To fully understand the protesters’ grievances, it is essential to paint a background picture of the Nigerian situation. President Muhammadu Buhari is a 78-year-old former Military Head of State who ruled the country as a dictator from 1983 till his overthrow in 1985. Poor economic decisions during his administration led to the nation’s worst economic recession throughout the 20th century.He was also known to stifle free speech and suppress dissenting views. On the back of poor performance and massive corruption by former President Goodluck Jonathan’s administration, Buhari was seen by many as having the strong will to fight corruption. His campaign manifesto focused on fighting corruption, improving the economy and security situation of the country. Sadly, President Buhari appears to be flexing dictatorial powers under a democratic regime.
Campaign of empty promises
It has been a bittersweet experience for Nigerians. In what is a reminiscence of his dictatorial days, Buhari has not performed excellently in reviving the economy and securing the people. In six years, Nigeria slipped into recession twice—in 2015 and 2020. This makes Buhari the only leader in Nigerian history to lead the nation into multiple recessions. Under him, unemployment has also skyrocketed from less than 20% to over 53%.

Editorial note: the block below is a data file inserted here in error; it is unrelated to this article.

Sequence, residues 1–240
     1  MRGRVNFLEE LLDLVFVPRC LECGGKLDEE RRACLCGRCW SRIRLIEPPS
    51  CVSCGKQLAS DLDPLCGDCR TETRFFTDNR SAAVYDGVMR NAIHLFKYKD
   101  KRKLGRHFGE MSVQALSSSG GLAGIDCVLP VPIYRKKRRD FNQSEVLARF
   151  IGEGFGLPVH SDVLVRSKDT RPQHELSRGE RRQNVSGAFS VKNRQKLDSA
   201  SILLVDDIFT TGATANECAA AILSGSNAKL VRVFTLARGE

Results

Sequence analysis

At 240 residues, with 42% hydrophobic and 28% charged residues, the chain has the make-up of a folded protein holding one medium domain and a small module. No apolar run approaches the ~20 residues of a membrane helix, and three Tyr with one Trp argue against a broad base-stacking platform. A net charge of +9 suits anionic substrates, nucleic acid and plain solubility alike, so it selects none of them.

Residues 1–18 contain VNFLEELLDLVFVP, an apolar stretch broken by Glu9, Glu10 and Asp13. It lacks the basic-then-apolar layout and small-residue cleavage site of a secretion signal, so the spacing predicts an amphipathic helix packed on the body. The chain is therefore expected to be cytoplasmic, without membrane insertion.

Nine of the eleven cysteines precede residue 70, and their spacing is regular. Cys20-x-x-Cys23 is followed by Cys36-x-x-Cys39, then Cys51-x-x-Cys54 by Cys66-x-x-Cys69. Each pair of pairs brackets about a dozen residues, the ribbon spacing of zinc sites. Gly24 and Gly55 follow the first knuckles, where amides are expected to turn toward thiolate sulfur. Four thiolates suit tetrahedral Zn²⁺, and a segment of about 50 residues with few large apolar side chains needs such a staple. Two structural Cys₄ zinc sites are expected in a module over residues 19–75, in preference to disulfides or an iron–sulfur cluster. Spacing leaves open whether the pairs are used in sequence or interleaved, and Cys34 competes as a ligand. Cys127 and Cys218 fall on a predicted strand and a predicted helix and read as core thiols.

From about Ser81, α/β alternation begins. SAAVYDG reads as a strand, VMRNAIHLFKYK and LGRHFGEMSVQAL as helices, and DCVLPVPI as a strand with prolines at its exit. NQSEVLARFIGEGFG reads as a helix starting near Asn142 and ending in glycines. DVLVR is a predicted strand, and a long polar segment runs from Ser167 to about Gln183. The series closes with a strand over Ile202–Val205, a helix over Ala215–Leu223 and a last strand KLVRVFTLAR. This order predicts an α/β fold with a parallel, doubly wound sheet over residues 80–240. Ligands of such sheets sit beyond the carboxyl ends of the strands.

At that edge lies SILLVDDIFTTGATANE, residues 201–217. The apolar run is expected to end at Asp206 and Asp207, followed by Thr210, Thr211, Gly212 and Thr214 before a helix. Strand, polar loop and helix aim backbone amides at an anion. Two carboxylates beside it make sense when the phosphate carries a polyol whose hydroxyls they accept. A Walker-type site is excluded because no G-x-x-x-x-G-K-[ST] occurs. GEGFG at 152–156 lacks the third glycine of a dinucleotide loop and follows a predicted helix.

The data paint an even grimmer picture. Food inflation rose by 110.5% within six years, causing food prices to almost triple despite little increase in purchasing power. Inflation moved into double digits, making Buhari the only leader in history to preside over double-digit inflation. Within the last six years, fuel prices almost doubled, while the Naira lost over 100% of its value. Foreign Direct Investment has dropped by over 30%, with a GDP growth rate of 1.28%, the worst of any Nigerian leader ever.